Interview : Marc Alberola
To what degree are private sector stakeholders involved in the implementation of the administration’s Energy Master Plan?
MARC ALBEROLA: Since the creation of Compagnie Ivoirienne de Production d’Electricité (CIPREL) in 1994, the country’s first independent electricity producer, the private sector has been developing and exploiting power generation plants under build-own-operate contracts. Indeed, the state collaborates with several private players, with the goal of bolstering Côte d’Ivoire’s electricity generation capacities.
Under the framework of the Energy Master Plan, Eranove is developing two projects: a concession was signed in December 2018 for Atinkou, a combined-cycle thermal power station with a capacity of 390 MW; and studies are under way for a hydroelectric project on the Cavally River.
These projects build upon an existing fleet of eight units, including six hydroelectric dams (604 MW); one thermal power station (100 MW) operated by Companie Ivoirienne d’Electricité (CIE); and one thermal power station run by CIPREL (556 MW).
What measures are being taken by players from the energy sector to improve the inclusion of isolated populations in the power grid?
ALBEROLA: Africa’s population of 1.2bn is projected to double by 2050; however, around 588m people on the continent do not currently have access to electricity. In order to improve the availability of power in Côte d’Ivoire the government initiated a programme aimed at the electrification of villages with more than 500 inhabitants.
This initiative is being supplemented by innovative access projects. For example, CIE is partnering with the state in its Electricity For All programme, which combines technical innovation, financial engineering and a drive to increase efficiency. The programme has already helped 400,000 low-income families gain access to electricity in exchange for contributions starting from CFA1000 (€1.50).
What kinds of programmes have been initiated to improve the economy’s human capital?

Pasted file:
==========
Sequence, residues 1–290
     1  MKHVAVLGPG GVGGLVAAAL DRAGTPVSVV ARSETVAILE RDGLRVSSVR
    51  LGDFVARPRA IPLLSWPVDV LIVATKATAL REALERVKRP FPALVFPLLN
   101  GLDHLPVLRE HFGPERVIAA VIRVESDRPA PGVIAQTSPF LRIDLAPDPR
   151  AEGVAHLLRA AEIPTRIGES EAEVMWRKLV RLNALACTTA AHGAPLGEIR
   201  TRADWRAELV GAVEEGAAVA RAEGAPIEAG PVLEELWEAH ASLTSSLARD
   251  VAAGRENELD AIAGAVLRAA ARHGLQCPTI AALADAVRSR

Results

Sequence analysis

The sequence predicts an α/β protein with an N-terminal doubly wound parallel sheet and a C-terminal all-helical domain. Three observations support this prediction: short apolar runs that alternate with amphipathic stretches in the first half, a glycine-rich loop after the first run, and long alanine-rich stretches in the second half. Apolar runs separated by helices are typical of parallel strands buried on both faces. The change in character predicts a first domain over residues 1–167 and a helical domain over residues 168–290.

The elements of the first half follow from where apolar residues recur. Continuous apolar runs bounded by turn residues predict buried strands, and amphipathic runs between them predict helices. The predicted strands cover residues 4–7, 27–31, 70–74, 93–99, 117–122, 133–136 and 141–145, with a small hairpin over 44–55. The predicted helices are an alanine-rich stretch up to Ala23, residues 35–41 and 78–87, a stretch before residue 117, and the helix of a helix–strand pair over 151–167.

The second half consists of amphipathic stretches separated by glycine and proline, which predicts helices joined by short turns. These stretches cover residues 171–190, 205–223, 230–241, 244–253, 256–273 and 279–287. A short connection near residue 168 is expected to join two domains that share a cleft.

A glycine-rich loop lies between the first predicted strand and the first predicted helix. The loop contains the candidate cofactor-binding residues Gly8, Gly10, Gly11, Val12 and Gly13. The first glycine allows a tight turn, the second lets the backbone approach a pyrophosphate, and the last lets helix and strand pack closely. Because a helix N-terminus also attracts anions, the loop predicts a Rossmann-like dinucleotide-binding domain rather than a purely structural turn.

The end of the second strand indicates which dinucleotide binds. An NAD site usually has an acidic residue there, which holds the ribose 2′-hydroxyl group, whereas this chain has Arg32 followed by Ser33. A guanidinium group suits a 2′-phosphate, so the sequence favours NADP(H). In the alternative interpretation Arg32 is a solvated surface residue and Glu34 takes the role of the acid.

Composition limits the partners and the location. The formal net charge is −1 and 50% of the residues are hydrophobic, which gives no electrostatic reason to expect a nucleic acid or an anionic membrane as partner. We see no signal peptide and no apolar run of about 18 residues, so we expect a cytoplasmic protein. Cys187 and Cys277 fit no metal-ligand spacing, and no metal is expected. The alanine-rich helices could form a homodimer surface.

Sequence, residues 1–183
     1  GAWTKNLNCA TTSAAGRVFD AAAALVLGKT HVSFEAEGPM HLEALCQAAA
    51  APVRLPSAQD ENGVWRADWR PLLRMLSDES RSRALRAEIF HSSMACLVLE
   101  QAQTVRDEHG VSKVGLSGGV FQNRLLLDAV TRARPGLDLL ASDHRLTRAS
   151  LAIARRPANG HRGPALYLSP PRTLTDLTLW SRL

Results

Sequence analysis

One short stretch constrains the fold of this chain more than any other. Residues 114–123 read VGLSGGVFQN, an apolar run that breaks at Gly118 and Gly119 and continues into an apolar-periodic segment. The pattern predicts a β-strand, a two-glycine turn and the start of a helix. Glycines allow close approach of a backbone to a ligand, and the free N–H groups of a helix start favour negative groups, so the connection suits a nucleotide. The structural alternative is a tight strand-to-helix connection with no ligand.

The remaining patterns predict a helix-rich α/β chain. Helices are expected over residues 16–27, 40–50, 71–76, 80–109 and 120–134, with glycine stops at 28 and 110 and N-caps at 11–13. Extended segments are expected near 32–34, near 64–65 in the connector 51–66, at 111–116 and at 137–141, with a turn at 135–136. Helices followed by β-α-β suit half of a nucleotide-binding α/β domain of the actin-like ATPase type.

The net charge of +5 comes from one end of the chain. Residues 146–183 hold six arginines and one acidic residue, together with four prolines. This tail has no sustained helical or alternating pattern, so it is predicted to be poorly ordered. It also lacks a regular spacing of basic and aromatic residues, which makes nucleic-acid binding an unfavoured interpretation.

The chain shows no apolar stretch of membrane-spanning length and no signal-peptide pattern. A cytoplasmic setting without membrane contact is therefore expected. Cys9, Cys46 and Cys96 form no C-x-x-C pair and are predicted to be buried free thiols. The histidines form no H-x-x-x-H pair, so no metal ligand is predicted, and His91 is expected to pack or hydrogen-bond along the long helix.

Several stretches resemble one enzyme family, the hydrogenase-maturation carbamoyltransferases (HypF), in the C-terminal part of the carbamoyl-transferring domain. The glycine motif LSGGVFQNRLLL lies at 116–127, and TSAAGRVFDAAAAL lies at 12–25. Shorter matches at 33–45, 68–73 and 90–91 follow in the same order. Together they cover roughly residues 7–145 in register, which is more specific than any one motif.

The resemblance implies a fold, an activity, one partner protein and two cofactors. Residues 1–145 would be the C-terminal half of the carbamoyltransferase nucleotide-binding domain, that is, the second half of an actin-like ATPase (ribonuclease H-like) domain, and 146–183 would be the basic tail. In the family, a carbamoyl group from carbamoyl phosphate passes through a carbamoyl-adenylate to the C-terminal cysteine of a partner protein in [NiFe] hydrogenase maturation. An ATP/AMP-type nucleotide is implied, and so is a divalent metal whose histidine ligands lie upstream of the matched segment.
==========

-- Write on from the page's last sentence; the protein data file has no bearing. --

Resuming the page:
ALBEROLA: Companies are struggling to recruit higher education graduates and the technically skilled workers they need. Developing technical training in Africa is one possible solution. The Bingerville-based Centre des Métiers Electriques (CME), on the outskirts of Abidjan, is among the institutes addressing this need. The industrial training centre specialises in a number of fields including electricity, automation and energy efficiency. In May 2018 the CME signed a memorandum of understanding with the French National Conservatory of Arts and Crafts regarding its bachelors programme in sustainable development, in order to provide the first bachelor’s degree accredited by France in West Africa.
How does the broader economy’s digital transition translate to the power sector?
ALBEROLA: The pace of investment in smart grids, a core component of digitalisation in the sector that started several years ago, will increase. Digitalisation in the power sector is also happening at the level of customer relations. In this vein, CIE has proposed a mobile payment system for electricity bills, along with an e-agency. They have also increased access to information and services via digital channels and social networks. Furthermore, digitalisation is driving technical performance improvements in the field of power generation. CIPREL has begun a process that includes the digitalisation of inventory management and technical documentation. A computerised management system designed to aid predictive maintenance has also been launched. Together, these actions are part of the digitalisation of the entire process of electricity generation.
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